What are the diagnostic crtieria for diagnosing migraine?

>/=5 headaches lasting 4-72 hrs + nausea/vomiting (or photo/phonophobia), plus any two of:

  • Pulsating/Throbbing
  • Impairs routine activity




What changes in routine can cause increased migraines?


  • Sleep disturbance
  • Stress
  • Hormonal factors - menstruation, pregnancy, menopause, OCP
  • Eating - skipping meals/alcohol
  • Sensory stimuli




What would be your differential be for a migrainous type headache?


  • Cluster/tension headache
  • Cervical spondylosis
  • Hypertension headache
  • Intracranial pathology
  • Sinusitis/otitis media
  • TIA




What lifestyle advise would you give someone suffering from migraines?


  • Avoid food triggers
  • Sleep
  • Hydration
  • Regular meals
  • Look at meds - overuse headache?




What treatment would you prescribe someone with migraines for acute attacks?

Stop regular opiates/paracetamol

  • 1st line - Combination therapy Oral triptan + NSAID/Paracetamol
  • If monotherapy preferred
    • Triptan
    • NSAID
    • Aspirin - 900 mg every 4–6 hours
    • Paracetamol
  • Consider anti-emetics






What are contraindications of triptan use?


  • IHD
  • Coronary Spasm
  • Uncontrolled HTN
  • Recent Lithium use
  • SSRI use
  • Ergot use




What would you prescribe for prophylactic management of migraines?


  • 1st lines - Propranolol or topiramate
  • Amitryptiline
  • Candesartan
  • Others - valproate, pizotifen, pregabalin, ACEi




What dose of propranalol would you start someone on for prophylactic management of migraines?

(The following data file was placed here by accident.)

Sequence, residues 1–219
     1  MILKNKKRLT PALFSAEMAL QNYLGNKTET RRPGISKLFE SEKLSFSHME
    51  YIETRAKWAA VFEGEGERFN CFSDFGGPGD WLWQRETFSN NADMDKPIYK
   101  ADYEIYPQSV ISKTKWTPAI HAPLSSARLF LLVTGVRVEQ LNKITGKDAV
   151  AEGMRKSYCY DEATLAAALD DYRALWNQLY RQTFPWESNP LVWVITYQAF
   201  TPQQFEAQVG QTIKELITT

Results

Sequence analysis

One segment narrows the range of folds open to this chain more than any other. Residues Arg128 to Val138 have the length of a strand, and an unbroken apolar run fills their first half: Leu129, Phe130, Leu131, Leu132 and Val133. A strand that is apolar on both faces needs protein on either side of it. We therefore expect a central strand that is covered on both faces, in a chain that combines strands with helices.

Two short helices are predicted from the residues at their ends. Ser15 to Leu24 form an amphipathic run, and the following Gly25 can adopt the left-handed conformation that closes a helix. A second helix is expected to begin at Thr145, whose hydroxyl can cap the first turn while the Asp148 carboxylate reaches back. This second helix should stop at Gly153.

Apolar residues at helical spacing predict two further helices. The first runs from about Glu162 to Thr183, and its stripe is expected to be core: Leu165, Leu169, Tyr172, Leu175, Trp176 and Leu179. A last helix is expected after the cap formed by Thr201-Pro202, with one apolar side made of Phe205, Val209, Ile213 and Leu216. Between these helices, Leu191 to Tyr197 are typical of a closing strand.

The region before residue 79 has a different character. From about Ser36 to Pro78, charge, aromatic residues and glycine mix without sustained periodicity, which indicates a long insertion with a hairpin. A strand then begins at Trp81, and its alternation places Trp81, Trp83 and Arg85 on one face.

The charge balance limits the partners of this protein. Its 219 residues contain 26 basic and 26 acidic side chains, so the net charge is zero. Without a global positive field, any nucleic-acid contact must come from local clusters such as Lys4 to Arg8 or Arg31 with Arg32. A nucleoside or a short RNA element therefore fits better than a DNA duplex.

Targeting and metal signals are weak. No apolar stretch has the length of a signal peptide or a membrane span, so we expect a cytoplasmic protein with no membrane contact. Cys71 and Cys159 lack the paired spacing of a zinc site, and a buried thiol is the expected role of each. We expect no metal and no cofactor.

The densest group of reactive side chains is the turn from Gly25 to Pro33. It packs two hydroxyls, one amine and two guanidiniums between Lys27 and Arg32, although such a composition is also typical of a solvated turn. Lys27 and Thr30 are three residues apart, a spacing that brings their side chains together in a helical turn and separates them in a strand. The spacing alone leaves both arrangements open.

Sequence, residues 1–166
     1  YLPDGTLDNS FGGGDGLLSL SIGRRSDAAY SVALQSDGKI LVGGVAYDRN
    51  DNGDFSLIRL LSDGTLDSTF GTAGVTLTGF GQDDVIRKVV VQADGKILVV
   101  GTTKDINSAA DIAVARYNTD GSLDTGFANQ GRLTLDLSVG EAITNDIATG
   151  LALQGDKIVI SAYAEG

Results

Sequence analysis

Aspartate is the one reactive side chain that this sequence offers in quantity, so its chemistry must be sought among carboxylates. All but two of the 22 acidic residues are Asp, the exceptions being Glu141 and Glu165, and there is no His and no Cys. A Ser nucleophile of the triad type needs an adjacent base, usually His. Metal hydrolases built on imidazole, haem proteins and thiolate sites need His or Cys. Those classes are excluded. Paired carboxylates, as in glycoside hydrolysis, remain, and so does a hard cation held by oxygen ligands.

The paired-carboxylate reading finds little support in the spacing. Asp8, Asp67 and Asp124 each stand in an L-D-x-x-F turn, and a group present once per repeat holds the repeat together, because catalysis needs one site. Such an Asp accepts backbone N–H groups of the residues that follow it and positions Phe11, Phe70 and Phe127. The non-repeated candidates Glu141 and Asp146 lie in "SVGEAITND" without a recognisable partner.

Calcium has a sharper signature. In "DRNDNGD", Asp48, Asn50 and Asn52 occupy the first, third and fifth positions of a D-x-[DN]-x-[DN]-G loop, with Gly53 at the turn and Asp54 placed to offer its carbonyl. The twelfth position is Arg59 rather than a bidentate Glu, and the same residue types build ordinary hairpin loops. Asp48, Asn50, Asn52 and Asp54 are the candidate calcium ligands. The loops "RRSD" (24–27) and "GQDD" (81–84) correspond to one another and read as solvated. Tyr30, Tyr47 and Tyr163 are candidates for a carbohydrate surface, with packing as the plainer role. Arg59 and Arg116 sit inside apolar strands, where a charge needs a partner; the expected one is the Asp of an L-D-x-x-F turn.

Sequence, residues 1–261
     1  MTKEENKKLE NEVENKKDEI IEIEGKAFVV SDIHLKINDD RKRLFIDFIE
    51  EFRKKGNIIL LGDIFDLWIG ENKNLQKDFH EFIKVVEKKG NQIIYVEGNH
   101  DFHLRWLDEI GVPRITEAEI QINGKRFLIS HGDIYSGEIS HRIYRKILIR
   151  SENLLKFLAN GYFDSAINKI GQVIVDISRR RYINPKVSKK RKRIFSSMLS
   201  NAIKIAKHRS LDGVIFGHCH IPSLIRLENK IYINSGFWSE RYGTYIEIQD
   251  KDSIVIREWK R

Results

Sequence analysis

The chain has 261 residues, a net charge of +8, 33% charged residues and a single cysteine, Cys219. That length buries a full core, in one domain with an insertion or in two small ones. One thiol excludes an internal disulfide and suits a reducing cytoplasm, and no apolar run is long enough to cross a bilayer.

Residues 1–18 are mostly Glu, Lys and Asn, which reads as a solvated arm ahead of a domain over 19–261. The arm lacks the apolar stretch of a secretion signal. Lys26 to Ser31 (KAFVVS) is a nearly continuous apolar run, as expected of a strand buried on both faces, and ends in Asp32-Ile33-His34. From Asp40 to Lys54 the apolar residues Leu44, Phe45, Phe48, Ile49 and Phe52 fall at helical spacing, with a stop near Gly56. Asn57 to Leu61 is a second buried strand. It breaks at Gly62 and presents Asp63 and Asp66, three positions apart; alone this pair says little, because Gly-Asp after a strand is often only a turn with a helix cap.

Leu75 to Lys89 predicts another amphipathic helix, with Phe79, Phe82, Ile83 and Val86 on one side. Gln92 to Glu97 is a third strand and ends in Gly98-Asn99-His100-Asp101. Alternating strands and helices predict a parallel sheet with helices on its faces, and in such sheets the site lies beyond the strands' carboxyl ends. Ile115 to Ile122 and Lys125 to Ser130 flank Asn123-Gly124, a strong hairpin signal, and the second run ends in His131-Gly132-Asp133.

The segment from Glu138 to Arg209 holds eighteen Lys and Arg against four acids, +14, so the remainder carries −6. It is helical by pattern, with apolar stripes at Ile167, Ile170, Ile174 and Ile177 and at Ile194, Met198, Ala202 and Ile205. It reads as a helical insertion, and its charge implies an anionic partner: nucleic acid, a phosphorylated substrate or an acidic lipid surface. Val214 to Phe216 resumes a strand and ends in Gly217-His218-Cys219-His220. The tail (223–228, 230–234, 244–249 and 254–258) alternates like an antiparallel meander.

40mg daily for 2 weeks, then increase to 80mg daily




What dose of topiramate would you start someone on as prophylactic treatment of migraine?



25mg daily, increase by 25mg every 2 weeks up to 75 mg




What dose would you start amitryptyline on for prophylactic treatment of migraine?



10mg nightly, increase by 10 mg weekly up to 75 mg




What are women with migraines at risk of if on OCP?



Increased stroke risk




What would you give as oral contraception in women with migraines?


  1. POP
  2. Non-hormonal contraception




What are tension type headaches?


In contrast to migraine, pain is usually mild to moderate severity, bilateral and relatively featureless, with tight band sensations, pressure behind the eyes, and bursting sensations being described.





How would you manage tension type headaches?


  • Simple analgesia - don't encourage overuse




What is a cluster headache?


Recurrent bouts (clusters) of excruciating unilateral retro-orbital pain with parasympathetic autonomic activation in the same eye causing redness or tearing of the eye, nasal congestion or even a transient Horner’s syndrome


Describe the following features of SUNCT headaches:

  • Duration
  • Onset
  • Frequency


  • Duration - 2-250s
  • Onset - Rapid
  • Frequency - 1/day - 30/hr


Describe the following features of a cluster headache:

  • Duration
  • Onset
  • Frequency


  • Duration - 15 mins - 3 hrs
  • Onset - Rapid